– At this age, children should also be taught about how to stay safe. When they are at home alone, not opening the door or telling anyone in the house when home alone; not letting anyone know that you will be home alone, making sure all emergency and contact numbers are placed by the telephone; and not to hesitate to phone parents if needed.

– Talk openly with your child about safety and begin to talk about different types of lures adults may use to gain the trust of children. Frequently, to through possible scenarios with your child involving different types of lures an adult might use to gain the trust of a child, including offering gifts, asking for help, saying there is an emergency, claiming to be an authority figure, using flattery etc, to help your child understand, how to respond to these types of situations.

– If your child is going to a friend’s house, have them call or text you when they have arrived at house or have their friends’ parents call you when your child has arrived. When your child is returning home from their friend’s house, get them to let you know they are on the way from the house. Know the appropriate distance and time it takes to get from one hose to the other.

Teach your child that if they are physically grabbed, to actively resist by screaming, hitting, biting, kicking and try to attract people’s attention to what is going on.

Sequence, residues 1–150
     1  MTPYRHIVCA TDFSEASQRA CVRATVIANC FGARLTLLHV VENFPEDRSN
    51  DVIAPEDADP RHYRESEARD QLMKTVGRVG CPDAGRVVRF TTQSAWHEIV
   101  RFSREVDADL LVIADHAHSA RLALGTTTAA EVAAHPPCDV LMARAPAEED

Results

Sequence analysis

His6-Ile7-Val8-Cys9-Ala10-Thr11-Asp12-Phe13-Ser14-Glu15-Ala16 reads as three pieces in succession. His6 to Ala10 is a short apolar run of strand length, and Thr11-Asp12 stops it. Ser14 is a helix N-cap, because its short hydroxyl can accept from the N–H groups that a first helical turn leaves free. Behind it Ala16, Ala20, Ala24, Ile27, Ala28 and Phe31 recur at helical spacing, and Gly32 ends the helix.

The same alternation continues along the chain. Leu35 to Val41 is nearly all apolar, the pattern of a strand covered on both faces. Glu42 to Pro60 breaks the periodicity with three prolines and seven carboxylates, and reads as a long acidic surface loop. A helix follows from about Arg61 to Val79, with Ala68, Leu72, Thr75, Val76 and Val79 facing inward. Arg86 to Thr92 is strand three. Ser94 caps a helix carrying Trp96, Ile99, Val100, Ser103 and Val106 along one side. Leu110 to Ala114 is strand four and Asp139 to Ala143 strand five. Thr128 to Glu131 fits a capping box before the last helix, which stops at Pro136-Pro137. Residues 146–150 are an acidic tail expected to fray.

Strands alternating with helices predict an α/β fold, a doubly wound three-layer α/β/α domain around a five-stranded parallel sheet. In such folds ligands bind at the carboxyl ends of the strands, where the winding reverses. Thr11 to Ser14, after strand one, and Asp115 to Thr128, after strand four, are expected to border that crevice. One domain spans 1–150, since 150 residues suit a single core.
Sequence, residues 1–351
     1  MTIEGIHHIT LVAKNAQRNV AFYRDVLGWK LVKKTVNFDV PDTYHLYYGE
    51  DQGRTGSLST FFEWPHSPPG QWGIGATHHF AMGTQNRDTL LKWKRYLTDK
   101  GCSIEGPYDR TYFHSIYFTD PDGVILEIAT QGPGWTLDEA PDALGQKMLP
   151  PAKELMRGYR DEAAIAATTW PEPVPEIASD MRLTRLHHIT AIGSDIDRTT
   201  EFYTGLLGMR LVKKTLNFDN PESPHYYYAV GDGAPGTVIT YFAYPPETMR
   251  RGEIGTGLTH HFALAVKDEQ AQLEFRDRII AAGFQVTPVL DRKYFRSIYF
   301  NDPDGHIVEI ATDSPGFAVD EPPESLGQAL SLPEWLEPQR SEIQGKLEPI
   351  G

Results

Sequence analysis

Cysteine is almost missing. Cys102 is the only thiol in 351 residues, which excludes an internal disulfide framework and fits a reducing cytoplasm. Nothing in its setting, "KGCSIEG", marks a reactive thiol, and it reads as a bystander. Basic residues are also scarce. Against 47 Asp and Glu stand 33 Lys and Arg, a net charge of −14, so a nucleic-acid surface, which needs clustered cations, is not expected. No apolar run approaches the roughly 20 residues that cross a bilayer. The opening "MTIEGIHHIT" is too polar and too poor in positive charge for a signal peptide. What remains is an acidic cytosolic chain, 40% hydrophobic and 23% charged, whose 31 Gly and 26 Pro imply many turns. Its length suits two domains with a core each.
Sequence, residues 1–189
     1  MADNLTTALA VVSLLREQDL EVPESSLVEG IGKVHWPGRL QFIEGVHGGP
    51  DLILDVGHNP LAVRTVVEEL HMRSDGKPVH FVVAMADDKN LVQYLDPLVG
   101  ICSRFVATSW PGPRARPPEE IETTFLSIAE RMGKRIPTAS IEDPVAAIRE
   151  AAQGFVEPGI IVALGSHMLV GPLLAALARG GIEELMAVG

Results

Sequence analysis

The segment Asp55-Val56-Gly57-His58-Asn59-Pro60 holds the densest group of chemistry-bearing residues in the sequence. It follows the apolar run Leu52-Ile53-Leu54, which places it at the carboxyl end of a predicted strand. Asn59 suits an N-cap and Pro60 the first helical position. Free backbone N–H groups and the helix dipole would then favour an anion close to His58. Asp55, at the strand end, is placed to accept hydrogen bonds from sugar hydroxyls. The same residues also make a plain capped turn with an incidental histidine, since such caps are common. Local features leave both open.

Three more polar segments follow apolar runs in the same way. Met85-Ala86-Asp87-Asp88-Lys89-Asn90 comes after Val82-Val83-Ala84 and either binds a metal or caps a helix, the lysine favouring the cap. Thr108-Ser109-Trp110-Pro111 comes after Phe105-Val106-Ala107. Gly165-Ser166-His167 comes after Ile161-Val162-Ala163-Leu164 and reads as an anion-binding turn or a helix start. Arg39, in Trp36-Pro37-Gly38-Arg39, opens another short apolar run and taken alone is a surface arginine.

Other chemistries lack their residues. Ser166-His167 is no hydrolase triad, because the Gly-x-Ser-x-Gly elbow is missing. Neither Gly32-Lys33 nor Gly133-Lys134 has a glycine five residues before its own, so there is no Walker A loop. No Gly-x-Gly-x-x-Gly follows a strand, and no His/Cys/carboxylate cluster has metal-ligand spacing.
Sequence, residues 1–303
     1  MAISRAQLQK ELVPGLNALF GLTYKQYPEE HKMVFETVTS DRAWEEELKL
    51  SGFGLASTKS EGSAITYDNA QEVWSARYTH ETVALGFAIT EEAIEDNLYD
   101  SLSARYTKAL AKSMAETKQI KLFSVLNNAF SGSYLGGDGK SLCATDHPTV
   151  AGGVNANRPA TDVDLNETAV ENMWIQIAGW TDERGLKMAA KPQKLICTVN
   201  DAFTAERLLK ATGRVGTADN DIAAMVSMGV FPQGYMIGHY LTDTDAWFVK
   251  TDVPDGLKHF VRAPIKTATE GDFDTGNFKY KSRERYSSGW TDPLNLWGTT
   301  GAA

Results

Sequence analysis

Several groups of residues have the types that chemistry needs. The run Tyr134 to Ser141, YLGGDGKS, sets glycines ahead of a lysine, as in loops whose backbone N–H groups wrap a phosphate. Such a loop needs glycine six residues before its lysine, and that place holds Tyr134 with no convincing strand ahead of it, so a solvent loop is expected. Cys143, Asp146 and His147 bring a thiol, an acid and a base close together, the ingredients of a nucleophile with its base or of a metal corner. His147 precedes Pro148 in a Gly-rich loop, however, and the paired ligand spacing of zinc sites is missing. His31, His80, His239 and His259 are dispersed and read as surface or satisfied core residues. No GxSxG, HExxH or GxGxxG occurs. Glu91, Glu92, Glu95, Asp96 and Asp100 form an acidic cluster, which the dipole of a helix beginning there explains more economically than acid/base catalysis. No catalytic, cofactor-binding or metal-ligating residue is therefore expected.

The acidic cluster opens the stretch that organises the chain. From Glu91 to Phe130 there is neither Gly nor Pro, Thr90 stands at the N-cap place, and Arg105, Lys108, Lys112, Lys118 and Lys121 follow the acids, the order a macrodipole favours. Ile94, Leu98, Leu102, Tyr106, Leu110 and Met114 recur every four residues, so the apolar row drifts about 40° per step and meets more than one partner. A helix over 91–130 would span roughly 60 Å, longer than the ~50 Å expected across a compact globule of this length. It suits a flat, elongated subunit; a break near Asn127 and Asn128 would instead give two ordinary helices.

• For children ages 12 to13 years.

– As children are entering their teen years, they should still be reminded of safety strategies above like getting parental permission before going anywhere with anyone, its still important for them to bring a buddy along when going places, they need to continue to listen and trust their instincts; and they need to continue to practice assertive behavior.

– Teach your child to anticipate potentially dangerous situations – use “what if” scenarios to provide your child with opportunities to practice responding safely to these situation eg, “what if someone came up to you, said you were pretty, claimed to be a modeling agent and wanted you to come with them?

– Teach your child the difference between a healthy relationship and an unhealthy relationship.

– If your child wants too meet an online friend in person, arrange to speak with the parent of the online friend. Together, you and the other parent can make plans for the children to meet with both of you present.